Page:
' Cinema Romantico: Friday's Old Fashioned: Heaven Knows, Mr. Allison

Friday, December 02, 2011

Friday's Old Fashioned: Heaven Knows, Mr. Allison

So if you make a movie that puts a Marine and Nun on a small South Pacific island in the late days of WWII you know to surely expect a movie that will play up the disparate differences between these two but that they will eventually learn to co-exist and in dealing with some sort of ready-made crisis will come to discover that deep down where it counts they have more in common than they ever realized possible. Except, of course, "Heaven Knows Mr. Allison" (1957) was directed by the maverick John Huston and John Huston don't play that. If you stop and think about it, Marines and Nuns right off the bat have a whole lot in common. They both have a uniform. The marine gives himself over to his drill instructor, his commanding officer. The nun gives herself over to Christ.  They lead extraordinarily regimental lives. There is a wonderful moment when the Marine indicates he's going to sleep but that he'll be up early, probably too early for her, since he had to get up at 5:30 with the core. The nun replies she had to get up at 5:00 at the convent. The marine replies: "Sounds like you run a pretty tough outfit, ma'am."


The Marine is Corporal Allison (Robert Mitchum) who took fire from the Japanese when trying to exit his submarine and was forced to flee and drift for days on a rubber raft before encountering this island, this island where Sister Angela (Deborah Kerr) and Father Philips came to evacuate another priest only to land and learn the Japanese had already attacked the island and either killed or taken the island's priest with them. Not long after, Father Philips passes away, leaving Sister Angela, who has not even taken her final vows yet, to fend for herself. There is food and there is water. Fiji, the closest inhabited island, is a good 300 miles away. Yet Allison thinks it best to give it a shot anyway and Sister Angela says it's worth a shot, too. They go about constructing a top-notch raft but before they can finish it, the Japanese, as they must, fly over the island, scout it, and then bomb it, and then take it over with the intention it seems of turning into a weather reporting outpost. Luckily, Allison has found a cave at an out of the way high point cleverly obscured by the brush and he and Sister Angela will hide out there as their quiet sanctuary is overrun.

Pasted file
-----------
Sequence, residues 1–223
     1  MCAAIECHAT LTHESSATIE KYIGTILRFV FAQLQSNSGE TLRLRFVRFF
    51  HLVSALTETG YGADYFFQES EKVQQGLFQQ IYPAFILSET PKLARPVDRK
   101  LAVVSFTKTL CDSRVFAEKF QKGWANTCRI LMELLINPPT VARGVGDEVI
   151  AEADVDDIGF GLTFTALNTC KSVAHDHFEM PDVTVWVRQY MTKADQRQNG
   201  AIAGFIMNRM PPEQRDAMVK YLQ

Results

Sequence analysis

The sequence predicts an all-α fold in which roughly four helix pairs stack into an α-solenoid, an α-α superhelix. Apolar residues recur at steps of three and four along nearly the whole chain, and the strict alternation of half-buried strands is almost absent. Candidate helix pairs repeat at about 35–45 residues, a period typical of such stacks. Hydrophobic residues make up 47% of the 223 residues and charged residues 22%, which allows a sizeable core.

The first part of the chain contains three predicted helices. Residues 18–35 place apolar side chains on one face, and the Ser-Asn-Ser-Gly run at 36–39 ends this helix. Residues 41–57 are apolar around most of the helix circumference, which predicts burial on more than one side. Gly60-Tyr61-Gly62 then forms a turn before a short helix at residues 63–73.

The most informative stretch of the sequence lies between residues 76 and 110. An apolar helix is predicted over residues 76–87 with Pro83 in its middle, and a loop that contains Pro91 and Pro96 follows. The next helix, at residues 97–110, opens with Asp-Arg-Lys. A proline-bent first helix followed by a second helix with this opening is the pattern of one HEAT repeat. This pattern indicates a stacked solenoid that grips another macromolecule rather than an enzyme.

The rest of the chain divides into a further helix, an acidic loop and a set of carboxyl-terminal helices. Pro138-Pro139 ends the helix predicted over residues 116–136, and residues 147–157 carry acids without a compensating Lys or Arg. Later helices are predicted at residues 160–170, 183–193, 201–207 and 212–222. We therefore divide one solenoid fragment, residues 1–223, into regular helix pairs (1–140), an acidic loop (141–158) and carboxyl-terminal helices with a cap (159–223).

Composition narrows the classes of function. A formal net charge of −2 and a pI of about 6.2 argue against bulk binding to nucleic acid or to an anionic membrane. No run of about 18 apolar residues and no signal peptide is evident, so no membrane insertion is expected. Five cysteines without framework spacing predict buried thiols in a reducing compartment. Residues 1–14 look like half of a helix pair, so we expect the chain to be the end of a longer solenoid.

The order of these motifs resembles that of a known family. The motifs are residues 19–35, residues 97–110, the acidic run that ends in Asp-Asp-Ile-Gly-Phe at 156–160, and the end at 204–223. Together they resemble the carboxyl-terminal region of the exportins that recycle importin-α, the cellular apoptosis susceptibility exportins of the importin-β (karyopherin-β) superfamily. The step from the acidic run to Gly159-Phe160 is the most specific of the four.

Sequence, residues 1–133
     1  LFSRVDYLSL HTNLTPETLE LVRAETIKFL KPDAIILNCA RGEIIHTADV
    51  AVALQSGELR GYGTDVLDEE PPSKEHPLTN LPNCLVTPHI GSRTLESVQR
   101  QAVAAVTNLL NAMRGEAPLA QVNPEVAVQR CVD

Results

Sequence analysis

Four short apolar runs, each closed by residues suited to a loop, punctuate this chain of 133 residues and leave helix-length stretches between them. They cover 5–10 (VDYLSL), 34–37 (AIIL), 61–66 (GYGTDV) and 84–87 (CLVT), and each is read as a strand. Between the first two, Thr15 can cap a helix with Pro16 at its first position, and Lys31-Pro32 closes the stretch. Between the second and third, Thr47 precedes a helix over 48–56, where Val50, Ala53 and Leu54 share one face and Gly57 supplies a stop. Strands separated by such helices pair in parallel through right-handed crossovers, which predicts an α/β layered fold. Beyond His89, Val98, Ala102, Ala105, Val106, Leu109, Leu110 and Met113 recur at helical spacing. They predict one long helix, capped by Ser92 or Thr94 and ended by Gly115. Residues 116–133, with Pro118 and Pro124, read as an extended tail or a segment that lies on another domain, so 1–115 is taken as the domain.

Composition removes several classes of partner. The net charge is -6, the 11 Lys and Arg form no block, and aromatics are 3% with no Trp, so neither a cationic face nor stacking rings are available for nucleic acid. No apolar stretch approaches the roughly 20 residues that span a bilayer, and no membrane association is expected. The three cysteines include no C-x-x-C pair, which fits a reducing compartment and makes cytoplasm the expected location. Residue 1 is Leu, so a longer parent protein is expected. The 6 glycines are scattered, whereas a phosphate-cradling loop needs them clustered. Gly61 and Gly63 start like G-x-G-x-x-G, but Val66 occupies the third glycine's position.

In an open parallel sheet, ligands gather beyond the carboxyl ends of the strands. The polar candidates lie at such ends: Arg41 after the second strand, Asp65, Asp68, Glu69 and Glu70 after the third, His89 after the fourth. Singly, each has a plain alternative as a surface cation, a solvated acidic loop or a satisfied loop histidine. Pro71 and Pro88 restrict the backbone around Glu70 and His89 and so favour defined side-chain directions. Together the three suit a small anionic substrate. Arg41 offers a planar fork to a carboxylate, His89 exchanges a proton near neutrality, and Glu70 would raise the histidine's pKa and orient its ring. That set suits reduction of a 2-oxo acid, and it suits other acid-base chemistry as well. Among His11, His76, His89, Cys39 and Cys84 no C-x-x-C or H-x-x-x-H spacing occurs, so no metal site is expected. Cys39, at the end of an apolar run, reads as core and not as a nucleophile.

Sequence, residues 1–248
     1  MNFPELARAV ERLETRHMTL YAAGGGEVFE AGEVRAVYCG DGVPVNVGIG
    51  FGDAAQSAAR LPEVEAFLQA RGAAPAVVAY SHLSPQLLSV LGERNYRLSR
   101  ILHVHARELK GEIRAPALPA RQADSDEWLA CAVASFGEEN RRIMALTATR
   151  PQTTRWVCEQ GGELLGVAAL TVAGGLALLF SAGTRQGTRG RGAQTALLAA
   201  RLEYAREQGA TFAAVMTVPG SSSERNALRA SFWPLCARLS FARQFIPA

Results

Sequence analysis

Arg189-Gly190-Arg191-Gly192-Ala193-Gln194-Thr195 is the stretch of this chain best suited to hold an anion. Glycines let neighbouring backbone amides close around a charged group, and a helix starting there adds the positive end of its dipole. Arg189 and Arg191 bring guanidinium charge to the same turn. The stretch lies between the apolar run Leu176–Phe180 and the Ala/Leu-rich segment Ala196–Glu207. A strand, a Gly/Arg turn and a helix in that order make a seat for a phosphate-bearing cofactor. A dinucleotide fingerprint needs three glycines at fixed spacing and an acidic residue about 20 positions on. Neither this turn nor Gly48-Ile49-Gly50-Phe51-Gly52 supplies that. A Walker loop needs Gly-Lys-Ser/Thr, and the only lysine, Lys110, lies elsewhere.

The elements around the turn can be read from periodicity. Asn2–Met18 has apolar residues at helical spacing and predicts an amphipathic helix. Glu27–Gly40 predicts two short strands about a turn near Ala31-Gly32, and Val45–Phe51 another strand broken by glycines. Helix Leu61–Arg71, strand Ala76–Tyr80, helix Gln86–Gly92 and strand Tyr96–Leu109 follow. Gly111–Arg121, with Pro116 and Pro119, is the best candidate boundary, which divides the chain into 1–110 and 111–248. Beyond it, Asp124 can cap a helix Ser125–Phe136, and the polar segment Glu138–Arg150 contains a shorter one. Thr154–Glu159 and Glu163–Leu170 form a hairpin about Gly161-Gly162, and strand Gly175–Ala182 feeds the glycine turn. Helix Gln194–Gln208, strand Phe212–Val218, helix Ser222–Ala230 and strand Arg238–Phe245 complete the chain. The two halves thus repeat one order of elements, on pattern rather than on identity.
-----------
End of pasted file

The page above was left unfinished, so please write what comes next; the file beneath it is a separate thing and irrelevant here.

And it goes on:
Being trapped in a cave could easily lead to marital-esque bickering that could easily lead to a sappy, star cross'd romance. John Huston, however, is too smart and too tough to stand for such nonsense. Most of the business inside that cave solely centers around survival, like an extended passage when Allison sneaks out and down to the enemy encampment to gather food, and there are no flickers of potential love until a sneaky scary passage that occurs in a rainstorm after the Japanese have fled the island in the wake of what appears to be an American naval victory way, way off in the distance. Allison and Sister Angela graciously retire to an abandoned hut, fix a little something to eat, and stumble upon a bottle of Sake. (Oh, Sake. In my experience, nothing has ever gone right on account of Sake.) Allison has a few shots too many and in no time at all he asks, in slurred words, if Sister Angela might forsake her final vows to accept his hand in marriage.